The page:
Brookhaven National Laboratory Open House. October, 1958. The inception of the very first video game is realised by Physicist William Higinbotham in the form of a very simple back and forth tennis game.
So rudimentary was this project, that the player could guarantee that they would hit the ball provided it was in their court when they pressed the button.
Despite the primitive nature of the game, Tennis for Two quickly became an extremely popular exhibit, with queues of hundreds waiting to see the spectacle that was the infancy of what we now know today as the video game.
This game was not available in the home, for only academics and scientists had access to such technology in the 50's.
Although Tennis for Two was well received, it's unlikely the Brookhaven crew had any idea that gaming would develop into the global powerhouse that it is today.
Almost every home in the developed world houses an Ikea-friendly unit that can bring to life photorealistic character models, incredibly complex story branches and Virtual Reality options that are as terrifying as they are immersive.
Truly we can say that gaming is a paragon of modern entertainment, each year providing technology that facilitates exponential growth. We take a look at what the future can bring in the ever-changing and at times dystopian world of gaming.
The most recent generation of gaming seems to indicate that video game graphics have plateaued somewhat. Gone are the days where you could put a PS2 game next to a PS3 game and notice entirely different textures, polygon counts and assets.
Nowadays comparisons are usually consigned to frame rate distinctions as well as resolutions... For now.
With the advent of Unreal Engine 5, future graphics promise to showcase not only unrivalled buildings, character models and lighting, but all of these features realised on an enormous scale. Expect the likes of new Grand Theft Auto entries to establish vast game worlds with huge verticality and fully explorable interiors.
Unreal Engine 5 will also offer developers the opportunity to utilise real life photography into games, rather than using them as reference points. The new Lumina technology will facilitate real time ray-tracing and dynamic lighting.
A valid concern about the uncanny graphics of the future is the potential for losing the 'art style' that distinguishes games from others.
Take for example the instantly recognisable character styles present in Arkane Studios Dishonored (2016) - could photorealism present a threat to these unique selling points? Perhaps not, as it is clear from games such as Fortnite and Borderlands that a game can look breathtaking without relying on realism.
Out of Control
Virtual Reality is already becoming a key part of gaming. Whilst still not the primary focus of the gaming market, and still very much in its infancy, we expect handset free gaming to become much more popular in years to come.
Virtual Reality provides the opportunity for the player to step inside the world of a game with full peripheral immersion, and the chance to fully utilise the body to enact action within.
There are of course concerns about how prolonged exposure to VR gaming could effect the psychology of the individual, especially given the growing realism of the technology. We hope that gaming developers look into this thoroughly and implement safety considerations into every iteration of this groundbreaking platform.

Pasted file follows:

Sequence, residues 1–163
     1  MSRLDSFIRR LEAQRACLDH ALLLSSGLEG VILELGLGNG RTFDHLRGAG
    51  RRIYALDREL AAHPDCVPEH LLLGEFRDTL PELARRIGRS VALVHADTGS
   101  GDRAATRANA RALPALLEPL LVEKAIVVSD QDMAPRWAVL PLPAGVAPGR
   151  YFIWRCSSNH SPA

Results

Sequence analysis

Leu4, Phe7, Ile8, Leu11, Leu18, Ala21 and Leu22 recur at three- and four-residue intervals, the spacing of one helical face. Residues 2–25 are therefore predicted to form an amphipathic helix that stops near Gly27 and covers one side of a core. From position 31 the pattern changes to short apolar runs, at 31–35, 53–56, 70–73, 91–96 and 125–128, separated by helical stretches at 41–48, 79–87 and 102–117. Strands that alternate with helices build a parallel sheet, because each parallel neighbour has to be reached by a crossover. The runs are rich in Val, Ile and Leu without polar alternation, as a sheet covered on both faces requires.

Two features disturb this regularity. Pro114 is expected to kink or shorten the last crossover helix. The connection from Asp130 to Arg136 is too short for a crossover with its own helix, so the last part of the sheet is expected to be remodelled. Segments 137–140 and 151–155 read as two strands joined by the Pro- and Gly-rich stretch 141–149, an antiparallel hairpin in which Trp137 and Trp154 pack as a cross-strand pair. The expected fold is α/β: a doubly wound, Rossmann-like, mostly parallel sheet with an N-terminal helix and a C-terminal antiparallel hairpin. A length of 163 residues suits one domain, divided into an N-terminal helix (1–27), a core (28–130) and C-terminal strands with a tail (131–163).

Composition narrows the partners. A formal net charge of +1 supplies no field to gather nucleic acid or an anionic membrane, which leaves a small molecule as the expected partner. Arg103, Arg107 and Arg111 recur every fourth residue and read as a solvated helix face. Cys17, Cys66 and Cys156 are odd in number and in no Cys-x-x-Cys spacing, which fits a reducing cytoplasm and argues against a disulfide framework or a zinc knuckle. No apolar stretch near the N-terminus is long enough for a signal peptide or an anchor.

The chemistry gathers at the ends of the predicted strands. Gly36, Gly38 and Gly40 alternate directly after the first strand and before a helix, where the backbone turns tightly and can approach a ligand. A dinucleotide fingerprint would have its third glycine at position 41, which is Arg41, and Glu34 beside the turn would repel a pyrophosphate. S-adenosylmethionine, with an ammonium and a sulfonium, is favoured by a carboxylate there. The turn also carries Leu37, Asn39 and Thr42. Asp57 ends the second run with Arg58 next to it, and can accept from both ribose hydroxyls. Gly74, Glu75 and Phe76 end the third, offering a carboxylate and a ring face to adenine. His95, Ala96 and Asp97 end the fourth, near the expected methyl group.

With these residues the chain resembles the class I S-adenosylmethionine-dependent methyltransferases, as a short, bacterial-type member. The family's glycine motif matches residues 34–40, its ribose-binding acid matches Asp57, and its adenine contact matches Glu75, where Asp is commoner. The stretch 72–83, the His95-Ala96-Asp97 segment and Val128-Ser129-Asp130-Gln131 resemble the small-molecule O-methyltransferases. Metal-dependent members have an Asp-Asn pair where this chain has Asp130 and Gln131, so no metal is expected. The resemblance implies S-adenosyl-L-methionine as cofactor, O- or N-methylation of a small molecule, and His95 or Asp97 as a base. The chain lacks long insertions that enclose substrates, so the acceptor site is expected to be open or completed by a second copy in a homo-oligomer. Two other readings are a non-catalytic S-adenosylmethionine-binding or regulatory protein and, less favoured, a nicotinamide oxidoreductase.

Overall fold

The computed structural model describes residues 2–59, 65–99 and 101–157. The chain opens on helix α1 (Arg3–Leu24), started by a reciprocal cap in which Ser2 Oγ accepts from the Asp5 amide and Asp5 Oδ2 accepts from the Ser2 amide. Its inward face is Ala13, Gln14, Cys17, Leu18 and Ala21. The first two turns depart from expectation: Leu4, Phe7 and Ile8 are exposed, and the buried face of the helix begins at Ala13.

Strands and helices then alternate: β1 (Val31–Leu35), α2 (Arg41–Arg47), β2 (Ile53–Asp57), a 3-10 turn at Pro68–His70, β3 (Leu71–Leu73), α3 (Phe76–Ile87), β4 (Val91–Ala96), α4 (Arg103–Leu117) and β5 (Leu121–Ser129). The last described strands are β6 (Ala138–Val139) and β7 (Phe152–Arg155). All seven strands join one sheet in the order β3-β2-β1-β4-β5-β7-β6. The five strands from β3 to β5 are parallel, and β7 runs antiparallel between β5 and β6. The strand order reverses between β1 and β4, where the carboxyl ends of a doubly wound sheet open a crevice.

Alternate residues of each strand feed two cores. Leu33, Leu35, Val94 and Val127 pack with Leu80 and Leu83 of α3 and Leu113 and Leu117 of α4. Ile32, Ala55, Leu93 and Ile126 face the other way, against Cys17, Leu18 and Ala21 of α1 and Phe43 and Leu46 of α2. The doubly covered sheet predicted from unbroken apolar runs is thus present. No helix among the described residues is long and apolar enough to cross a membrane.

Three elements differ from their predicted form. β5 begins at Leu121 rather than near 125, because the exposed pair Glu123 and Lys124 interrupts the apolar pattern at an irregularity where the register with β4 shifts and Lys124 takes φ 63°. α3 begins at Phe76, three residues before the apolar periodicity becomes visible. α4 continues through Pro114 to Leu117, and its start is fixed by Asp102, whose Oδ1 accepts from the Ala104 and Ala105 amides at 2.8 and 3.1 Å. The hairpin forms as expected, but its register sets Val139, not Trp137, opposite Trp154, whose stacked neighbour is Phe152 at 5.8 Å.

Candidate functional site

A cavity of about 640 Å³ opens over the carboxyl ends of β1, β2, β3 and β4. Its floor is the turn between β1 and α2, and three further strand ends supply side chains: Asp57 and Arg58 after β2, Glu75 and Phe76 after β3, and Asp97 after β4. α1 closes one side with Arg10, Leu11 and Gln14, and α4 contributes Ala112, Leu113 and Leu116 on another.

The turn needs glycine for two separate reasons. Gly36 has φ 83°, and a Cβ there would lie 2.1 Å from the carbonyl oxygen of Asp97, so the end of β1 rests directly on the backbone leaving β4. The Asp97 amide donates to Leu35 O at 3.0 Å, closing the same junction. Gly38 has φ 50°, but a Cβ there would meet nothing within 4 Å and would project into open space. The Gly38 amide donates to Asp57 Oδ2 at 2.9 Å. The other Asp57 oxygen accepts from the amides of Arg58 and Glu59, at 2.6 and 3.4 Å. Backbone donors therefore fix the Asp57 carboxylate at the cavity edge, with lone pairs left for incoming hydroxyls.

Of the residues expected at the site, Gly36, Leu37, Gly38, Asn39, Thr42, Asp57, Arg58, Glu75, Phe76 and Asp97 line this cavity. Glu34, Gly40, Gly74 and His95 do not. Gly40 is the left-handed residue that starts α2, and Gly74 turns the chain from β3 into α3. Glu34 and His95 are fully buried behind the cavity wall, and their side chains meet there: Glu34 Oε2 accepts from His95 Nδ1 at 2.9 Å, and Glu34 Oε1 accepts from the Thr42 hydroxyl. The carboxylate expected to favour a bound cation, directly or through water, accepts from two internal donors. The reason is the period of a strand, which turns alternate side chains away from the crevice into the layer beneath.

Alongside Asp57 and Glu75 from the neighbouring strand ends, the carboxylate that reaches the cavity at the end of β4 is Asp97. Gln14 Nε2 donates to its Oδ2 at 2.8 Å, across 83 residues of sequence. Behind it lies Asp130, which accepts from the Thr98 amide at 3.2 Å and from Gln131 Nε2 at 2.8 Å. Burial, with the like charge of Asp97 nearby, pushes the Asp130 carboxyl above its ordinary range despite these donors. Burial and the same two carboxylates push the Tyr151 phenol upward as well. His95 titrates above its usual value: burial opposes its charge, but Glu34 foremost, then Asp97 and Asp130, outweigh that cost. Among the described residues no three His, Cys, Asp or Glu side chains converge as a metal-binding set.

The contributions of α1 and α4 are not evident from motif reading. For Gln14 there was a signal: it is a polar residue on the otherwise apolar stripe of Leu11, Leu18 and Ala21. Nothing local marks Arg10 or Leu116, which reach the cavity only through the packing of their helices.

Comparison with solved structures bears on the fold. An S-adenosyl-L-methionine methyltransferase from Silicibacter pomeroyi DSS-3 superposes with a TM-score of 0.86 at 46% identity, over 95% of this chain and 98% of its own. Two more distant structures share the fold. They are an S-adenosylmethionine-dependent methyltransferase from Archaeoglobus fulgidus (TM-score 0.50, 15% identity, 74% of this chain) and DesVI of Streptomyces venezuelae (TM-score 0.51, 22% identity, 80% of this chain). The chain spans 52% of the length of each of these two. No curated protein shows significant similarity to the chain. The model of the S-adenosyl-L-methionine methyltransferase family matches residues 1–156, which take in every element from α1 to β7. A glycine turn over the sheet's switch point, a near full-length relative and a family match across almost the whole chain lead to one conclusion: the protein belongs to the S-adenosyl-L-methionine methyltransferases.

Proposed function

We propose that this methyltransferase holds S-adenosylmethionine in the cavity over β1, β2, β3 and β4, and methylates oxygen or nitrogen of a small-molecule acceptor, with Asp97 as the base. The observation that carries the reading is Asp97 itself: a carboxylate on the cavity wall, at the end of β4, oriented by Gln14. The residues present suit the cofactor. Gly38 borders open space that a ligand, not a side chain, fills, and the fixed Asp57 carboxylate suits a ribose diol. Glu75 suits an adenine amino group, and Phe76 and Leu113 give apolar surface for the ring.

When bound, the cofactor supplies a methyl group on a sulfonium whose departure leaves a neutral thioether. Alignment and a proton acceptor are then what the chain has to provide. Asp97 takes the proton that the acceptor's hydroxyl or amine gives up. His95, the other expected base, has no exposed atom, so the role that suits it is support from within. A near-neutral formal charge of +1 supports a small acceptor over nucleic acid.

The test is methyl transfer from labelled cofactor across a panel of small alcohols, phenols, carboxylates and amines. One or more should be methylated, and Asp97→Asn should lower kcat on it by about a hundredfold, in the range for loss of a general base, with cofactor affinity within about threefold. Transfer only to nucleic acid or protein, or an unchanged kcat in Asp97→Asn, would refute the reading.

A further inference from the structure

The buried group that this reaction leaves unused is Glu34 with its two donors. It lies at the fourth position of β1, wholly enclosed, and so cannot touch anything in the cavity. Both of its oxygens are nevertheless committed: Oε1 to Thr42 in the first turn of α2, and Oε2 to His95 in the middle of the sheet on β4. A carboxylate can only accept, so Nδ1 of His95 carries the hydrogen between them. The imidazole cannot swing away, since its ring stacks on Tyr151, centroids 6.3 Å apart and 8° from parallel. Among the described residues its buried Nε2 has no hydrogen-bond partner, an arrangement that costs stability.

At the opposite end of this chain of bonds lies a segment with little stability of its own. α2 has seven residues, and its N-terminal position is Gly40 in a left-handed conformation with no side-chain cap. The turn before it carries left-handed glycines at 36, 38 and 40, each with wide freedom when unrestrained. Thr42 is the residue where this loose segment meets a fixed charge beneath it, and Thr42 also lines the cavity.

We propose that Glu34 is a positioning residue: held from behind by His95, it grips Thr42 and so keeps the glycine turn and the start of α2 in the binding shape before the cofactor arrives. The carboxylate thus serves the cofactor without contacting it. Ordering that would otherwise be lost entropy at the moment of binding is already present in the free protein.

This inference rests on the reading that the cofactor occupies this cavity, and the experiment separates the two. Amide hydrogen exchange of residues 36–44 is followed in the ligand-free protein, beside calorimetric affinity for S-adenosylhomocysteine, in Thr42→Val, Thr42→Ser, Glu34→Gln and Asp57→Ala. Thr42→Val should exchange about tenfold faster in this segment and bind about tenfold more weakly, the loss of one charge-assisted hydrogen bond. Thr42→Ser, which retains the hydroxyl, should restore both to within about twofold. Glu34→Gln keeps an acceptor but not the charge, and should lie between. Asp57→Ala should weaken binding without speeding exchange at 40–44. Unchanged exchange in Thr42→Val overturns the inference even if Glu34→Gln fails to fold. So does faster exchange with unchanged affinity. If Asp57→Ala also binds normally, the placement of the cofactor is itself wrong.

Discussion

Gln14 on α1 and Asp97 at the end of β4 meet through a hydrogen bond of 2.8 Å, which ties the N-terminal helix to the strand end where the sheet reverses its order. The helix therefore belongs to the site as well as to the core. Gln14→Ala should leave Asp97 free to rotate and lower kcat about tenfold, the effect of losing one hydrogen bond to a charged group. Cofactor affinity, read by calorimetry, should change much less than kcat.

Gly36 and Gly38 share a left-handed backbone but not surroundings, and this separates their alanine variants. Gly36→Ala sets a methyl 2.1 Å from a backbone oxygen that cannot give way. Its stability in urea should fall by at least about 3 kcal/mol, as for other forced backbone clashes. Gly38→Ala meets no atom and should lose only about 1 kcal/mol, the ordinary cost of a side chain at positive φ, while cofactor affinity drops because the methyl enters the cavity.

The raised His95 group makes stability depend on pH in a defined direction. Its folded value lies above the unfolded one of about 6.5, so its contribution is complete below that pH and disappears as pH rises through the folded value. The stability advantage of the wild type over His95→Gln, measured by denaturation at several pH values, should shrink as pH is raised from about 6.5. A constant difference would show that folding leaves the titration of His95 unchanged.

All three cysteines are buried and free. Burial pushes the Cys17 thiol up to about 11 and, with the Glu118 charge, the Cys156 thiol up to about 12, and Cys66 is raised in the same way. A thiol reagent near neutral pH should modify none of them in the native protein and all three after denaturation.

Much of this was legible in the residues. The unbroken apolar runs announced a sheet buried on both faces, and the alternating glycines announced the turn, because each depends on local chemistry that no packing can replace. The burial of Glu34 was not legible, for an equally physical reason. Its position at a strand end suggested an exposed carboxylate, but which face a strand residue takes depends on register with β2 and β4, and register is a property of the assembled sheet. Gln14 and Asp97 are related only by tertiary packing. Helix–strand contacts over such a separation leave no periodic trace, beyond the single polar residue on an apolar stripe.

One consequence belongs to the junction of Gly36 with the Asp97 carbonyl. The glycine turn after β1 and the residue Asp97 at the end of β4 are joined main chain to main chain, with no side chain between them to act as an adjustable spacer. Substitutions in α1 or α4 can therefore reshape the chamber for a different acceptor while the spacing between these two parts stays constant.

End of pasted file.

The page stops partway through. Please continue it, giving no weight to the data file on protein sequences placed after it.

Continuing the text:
In any case, V.R. will provide the user with the most immersive realisation of gaming out there.
Alongside V.R. we must not forget the Augmented Reality features expected to feature heavily in years to come.
Augmented reality will allow the player to incorporate game features into the real world and visa-versa. Pokemon GO gave us a flavour of this back in 2016, whereby the player could locate, capture and train Pokemon creatures that were mapped onto real world locations.
A.R. features are expected to play a key role in future gaming, especially seeing as such features are popular in on-the-go style games.
We must also put the onus on game developers to consider their social responsibility in making the virtual world public. Consider the potential for distraction as well as the possibility of hackers being able to distort what is in front of the player.
More than 20 million V.R. headsets are expected to be sold in 2023.
Whilst individually purchased games are still bringing in enormous amounts of revenue, the launch of PC Game Pass as well as individual developer subscriptions seem to point towards a future where a network of gaming exists, rather than the traditional pay per copy format.
Subscription based models offer the player a much greater choice of games to play as well as the freedom to stream certain games before committing to downloading the title in full.
For Xbox in particular, Game Pass has become a platform for showcasing games that are owned by or developed directly by the company itself. Find all Halo, Gears of War and Bethesda games included in PC game pass, with improved graphics and frame rates.
Playstation have taken a somewhat different approach, deciding instead to continue charging for most first party launch titles, but likely with the intention of one day including them on their subscription platform, PS Premium.